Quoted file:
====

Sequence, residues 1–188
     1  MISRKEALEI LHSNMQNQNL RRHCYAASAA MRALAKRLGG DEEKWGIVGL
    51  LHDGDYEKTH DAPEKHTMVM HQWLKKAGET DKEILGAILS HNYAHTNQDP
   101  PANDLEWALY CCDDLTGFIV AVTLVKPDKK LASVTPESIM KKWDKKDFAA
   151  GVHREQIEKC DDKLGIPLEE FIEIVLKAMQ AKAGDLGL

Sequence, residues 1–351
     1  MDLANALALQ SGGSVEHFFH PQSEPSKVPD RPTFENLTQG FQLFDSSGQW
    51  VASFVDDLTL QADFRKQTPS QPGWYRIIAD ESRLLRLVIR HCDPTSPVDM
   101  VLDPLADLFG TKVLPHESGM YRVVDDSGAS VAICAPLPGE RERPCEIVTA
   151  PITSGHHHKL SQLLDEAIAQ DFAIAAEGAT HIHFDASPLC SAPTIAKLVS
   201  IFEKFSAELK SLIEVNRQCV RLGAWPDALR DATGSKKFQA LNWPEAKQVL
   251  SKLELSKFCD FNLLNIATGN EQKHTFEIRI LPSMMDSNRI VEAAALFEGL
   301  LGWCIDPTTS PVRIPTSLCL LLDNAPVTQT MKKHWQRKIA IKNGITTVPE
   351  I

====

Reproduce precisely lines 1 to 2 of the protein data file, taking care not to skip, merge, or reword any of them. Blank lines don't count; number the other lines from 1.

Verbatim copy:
Sequence, residues 1–188
     1  MISRKEALEI LHSNMQNQNL RRHCYAASAA MRALAKRLGG DEEKWGIVGL